Keynes delayed his medical education in order to serve in World War I, where he served as a Lieutenant in the Royal Army Medical Corps and then worked as a consultant surgeon, becoming an expert in blood transfusion.[3] His experience in the First World War led him to publish Blood Transfusion, the first book on the subject written by a British author.[6] Keynes also founded the London Blood Transfusion Service with P. L. Oliver.[5] Alexander Bogdanov acquired a copy of this book whilst visiting London to negotiate the Anglo-Soviet Trade Agreement in 1922. Bogdanov went on to found the Institute for Haemotology and Blood Transfusions in Moscow.[7]

Keynes was deeply affected by the brutality and gore that he witnessed in the field, which may have influenced his dislike for radical surgery later in his career.

Keynes enlisted to be a consulting surgeon to the Royal Air Force at the outbreak of World War II. In 1944 he was promoted to the rank of acting air vice-marshal.[8]

Keynes began working full-time at St Bartholomew's Hospital in London, where he worked under George Gask and Sir Thomas Dunhill, after returning from World War I.[9] Keynes used his influence as an assistant surgeon to advocate for limited surgery instead of the invasive radical mastectomy. Frustrated with the mortality rate and gruesomeness of the radical mastectomy, Keynes experimented by inserting 50 milligrams of radium in a patient's tumour.[10] He later observed that, "The ulcer rapidly healed ... and the whole mass became smaller, softer and less fixed."[11]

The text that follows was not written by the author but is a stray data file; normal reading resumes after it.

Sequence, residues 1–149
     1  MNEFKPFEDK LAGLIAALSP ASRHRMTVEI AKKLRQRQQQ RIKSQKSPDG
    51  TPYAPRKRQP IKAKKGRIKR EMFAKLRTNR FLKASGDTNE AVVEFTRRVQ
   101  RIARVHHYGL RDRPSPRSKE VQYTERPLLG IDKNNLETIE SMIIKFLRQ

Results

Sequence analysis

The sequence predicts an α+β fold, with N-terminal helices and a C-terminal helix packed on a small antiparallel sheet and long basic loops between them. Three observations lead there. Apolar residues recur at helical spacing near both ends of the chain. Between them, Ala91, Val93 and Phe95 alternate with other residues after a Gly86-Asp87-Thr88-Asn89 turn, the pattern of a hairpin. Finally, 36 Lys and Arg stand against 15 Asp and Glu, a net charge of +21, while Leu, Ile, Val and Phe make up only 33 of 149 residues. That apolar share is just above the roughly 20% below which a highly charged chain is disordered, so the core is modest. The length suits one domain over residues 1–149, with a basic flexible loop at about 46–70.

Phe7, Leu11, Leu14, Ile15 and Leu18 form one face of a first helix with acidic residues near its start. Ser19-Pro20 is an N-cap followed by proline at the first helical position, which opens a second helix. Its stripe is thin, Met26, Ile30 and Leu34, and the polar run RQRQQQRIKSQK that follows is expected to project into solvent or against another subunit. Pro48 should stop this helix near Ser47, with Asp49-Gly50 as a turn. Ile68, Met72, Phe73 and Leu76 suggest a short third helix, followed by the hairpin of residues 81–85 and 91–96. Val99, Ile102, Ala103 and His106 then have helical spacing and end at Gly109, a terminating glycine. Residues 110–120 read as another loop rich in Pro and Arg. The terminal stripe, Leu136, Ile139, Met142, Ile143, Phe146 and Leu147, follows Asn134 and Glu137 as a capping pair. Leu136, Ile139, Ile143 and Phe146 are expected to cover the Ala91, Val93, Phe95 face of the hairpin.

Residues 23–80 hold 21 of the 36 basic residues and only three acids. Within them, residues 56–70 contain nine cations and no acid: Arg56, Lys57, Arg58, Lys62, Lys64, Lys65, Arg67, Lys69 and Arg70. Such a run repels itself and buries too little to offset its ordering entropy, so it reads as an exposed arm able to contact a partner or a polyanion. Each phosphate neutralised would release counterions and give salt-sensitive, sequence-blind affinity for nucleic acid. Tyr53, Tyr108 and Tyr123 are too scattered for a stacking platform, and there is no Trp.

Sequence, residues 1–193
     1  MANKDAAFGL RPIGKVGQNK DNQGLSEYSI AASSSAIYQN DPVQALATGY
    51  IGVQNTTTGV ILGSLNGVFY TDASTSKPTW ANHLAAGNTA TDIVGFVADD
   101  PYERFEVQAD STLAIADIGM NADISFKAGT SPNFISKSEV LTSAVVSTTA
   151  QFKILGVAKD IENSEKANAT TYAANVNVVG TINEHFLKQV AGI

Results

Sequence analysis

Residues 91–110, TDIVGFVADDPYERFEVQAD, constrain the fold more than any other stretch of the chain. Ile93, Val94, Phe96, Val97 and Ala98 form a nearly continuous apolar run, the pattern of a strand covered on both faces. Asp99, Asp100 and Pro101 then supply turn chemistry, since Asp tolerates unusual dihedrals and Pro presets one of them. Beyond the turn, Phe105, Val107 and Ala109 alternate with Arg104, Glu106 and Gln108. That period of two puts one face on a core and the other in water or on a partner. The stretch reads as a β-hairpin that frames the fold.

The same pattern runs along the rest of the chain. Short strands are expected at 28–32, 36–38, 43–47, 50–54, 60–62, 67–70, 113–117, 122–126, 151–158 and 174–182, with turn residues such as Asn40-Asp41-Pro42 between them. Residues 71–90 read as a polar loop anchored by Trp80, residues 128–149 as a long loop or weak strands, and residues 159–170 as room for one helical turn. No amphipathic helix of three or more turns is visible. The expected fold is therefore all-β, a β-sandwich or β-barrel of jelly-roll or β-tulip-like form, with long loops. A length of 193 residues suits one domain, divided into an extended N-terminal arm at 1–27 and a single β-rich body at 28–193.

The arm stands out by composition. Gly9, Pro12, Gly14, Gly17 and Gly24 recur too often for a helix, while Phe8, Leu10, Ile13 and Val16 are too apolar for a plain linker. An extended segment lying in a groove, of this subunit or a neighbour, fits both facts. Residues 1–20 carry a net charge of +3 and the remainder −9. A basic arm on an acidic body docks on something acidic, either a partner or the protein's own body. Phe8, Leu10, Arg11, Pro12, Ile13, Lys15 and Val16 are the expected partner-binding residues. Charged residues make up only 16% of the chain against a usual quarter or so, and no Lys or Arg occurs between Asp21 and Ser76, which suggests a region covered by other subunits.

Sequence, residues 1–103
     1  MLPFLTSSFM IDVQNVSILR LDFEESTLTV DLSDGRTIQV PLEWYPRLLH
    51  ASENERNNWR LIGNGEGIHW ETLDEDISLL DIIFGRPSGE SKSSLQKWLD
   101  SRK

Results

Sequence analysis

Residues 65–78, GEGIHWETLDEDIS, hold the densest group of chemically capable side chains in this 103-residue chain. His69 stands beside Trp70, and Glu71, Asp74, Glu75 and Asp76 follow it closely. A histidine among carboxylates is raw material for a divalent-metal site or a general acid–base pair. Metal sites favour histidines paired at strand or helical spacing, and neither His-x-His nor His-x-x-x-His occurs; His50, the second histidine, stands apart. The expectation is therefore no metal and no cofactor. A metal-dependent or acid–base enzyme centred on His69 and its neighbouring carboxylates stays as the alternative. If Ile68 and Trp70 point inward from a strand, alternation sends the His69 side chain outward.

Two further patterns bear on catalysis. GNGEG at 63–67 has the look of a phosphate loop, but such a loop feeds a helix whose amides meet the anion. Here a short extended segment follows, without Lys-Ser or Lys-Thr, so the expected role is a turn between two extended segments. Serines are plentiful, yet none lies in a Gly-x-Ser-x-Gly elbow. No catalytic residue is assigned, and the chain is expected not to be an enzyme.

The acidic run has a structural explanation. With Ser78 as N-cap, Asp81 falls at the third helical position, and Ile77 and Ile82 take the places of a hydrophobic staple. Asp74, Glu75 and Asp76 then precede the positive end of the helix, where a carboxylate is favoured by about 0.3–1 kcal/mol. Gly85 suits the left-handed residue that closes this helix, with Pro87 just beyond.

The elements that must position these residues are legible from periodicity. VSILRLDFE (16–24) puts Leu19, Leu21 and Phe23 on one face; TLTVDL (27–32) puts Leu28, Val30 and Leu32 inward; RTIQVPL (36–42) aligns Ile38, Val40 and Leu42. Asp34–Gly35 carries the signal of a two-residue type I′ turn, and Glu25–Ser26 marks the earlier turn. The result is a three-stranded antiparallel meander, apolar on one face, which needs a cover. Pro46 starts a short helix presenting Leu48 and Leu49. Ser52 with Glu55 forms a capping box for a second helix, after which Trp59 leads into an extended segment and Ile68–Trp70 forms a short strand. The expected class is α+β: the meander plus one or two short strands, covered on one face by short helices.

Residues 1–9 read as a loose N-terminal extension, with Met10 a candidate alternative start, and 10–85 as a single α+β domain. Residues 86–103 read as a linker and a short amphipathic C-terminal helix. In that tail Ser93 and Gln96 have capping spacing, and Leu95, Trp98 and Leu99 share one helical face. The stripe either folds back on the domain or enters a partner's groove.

Keynes pursued his new idea through a number of trials, observing the effectiveness of injecting radium chloride into breast cancer tumours compared with the effectiveness of the radical mastectomy.[12] The promising results of these trials led Keynes to be cautiously optimistic, writing in 1927 that the "extension of [an] operation beyond a local removal might sometimes be unnecessary."[11] Keynes' outlook was considered a radical break from the medical consensus at the time. Keynes wrote in his autobiography that his work with radium "was regarded with some interest by American surgeons," but that the concept of a limited mastectomy failed to gain significant traction in the medical community at the time.[10][13] His doubts regarding the radical mastectomy were vindicated some 50 years later, when innovators like Bernard Fisher and others revisited his data and pursued what became known as a lumpectomy.[10] Limited surgeries, like the lumpectomy, accompanied by radiation are now the standard treatment for breast cancer.[10]